We learnt that it is important to remain within our “limits of proficiency”; being able to recognise a situation where we feel you are out of our depth or conflicted in some way. This is not only important for us as the counsellor but also for the client. If they expect a certain level of service from us, we must be able to provide this service to a satisfactory standard. It would be unfair to embark on a counselling journey with someone only to decide halfway through that we cannot deal with the issue (having known from the start – there will however be instances where certain issues will only come to light part way through the length of the relationship). For example, if a client is experiencing issues in their life to do with gender or sexuality and we find this an uncomfortable subject; or maybe that you aren’t proficient or experienced enough to handle the client; it is our responsibility to notify the client and signpost them accordingly. Likewise, if there is a disclosure of a crime being committed, we cannot act as judge and jury, we are duty bound to disclose serious crime to the relevant authorities.
The risks I took where when I used an example of how a rape victim may have successfully fought off an attacker and subsequently killed them. I am always conscious of offending people and rape can be a very taboo subject in some cases (meaning if it is a subject close to someone in the group – it will always be a taboo subject, et al). I was also conscious that although rape isn’t just an atrocity that women endure; society and cultural zeitgeists tend to instantly conjure up the image that victims of rape are women. Being the only male in the room, I initially thought better of speaking out but I feel that the trust in the room and the courage that others have previously displayed, granted me the safety and confidence to speak up.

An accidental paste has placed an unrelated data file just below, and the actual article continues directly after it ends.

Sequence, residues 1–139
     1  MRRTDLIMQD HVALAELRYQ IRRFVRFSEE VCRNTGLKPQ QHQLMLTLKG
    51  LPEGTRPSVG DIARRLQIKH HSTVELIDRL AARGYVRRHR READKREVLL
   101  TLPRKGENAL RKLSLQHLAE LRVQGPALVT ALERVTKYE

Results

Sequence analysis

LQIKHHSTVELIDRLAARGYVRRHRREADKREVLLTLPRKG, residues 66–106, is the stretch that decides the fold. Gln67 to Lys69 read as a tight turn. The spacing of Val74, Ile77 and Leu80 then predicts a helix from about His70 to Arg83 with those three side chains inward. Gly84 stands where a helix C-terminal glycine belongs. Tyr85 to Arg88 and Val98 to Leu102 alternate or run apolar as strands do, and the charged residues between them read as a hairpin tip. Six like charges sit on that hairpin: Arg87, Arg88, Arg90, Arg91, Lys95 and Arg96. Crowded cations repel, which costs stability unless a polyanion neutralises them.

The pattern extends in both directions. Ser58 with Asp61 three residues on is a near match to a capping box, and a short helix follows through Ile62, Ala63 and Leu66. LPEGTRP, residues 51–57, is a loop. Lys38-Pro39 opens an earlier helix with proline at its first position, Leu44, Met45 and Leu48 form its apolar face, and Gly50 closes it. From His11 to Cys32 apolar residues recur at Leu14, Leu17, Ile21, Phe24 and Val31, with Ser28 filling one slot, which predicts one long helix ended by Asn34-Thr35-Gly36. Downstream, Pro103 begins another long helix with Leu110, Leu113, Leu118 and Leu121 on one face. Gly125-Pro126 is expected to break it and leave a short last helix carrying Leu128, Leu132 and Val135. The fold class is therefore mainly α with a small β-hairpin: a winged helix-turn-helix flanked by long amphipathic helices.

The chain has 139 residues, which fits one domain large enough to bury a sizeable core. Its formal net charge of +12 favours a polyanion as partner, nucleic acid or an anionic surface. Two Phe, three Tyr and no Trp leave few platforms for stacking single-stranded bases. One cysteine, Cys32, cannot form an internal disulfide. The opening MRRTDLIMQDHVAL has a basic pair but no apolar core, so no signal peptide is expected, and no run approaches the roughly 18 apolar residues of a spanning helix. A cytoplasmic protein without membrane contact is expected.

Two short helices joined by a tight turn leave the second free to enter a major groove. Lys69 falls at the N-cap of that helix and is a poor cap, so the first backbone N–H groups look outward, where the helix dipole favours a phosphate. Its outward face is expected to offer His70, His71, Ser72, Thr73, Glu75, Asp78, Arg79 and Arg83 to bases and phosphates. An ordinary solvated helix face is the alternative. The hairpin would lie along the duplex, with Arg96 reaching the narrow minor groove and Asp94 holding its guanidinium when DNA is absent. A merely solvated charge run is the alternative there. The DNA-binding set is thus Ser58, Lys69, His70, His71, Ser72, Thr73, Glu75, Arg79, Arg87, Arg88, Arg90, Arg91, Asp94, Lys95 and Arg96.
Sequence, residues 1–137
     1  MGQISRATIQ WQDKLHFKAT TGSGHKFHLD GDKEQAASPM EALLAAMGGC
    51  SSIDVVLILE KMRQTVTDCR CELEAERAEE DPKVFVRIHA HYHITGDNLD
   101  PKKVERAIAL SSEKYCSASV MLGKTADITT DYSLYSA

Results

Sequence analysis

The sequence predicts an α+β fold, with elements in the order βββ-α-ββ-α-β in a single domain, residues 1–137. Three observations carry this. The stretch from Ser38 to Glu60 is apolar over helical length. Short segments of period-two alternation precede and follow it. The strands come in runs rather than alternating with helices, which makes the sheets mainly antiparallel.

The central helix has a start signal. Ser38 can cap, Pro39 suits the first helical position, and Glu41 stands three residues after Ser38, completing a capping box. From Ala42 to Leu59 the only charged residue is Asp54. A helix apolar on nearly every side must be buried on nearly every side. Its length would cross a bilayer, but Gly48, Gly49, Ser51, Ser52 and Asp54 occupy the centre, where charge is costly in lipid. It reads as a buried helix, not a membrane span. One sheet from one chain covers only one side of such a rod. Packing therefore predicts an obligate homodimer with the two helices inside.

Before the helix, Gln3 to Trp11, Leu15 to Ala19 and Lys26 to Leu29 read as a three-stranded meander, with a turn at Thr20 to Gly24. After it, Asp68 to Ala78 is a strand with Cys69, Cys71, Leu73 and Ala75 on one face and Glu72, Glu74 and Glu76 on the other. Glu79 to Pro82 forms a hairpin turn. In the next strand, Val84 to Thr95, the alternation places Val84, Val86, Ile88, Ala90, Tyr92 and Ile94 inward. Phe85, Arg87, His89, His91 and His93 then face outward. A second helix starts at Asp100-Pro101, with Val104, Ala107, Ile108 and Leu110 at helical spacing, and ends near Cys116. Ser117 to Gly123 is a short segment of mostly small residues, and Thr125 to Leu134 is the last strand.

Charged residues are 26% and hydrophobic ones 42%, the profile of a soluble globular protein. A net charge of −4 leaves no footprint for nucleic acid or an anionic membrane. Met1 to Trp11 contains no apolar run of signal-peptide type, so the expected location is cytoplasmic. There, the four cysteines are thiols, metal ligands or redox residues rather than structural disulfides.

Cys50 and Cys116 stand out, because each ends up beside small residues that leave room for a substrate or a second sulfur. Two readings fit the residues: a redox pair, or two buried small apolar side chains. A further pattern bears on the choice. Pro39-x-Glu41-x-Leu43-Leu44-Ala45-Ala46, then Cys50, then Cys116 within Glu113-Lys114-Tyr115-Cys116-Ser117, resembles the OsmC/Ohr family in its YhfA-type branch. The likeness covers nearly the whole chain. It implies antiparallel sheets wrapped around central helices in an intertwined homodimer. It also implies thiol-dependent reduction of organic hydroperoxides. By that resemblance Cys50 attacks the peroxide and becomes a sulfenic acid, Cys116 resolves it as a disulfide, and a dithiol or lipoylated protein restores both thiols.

I need to start remembering more names now. The lady I worked with tonight, I feel comfortable to work with, as in the first week we gravitated toward each other as we were both new and sat next to each other. I am finding one or two individuals in the group difficult to work with for both different and similar reasons. Both are outspoken, one I feel could be attributed to a lack of awareness and the other being an anxious confidence. I am conscious of the feeling of discomfort it provokes within me so am trying to train myself to not be judgemental and supress the feeling, or at least train myself to react differently; with empathy. I personally, am careful and choose my moments to speak with consideration of others; people who speak over others riles me but that’s me trying to apply my own standards onto others which isn’t fair. Although I will still give myself permission to feel a momentary shudder when they do it!!
I would like to now start extending this development into my personal life. There are moments when I feel I can also speak over others in complete hypocrisy of what I have just stated above, but only in the company of certain people. For example I wouldn’t do it in a meeting at work and would apply the same consideration as I do in class but then at home where I am finding myself continually defending myself and justifying my actions, I am less tolerant and more outspoken.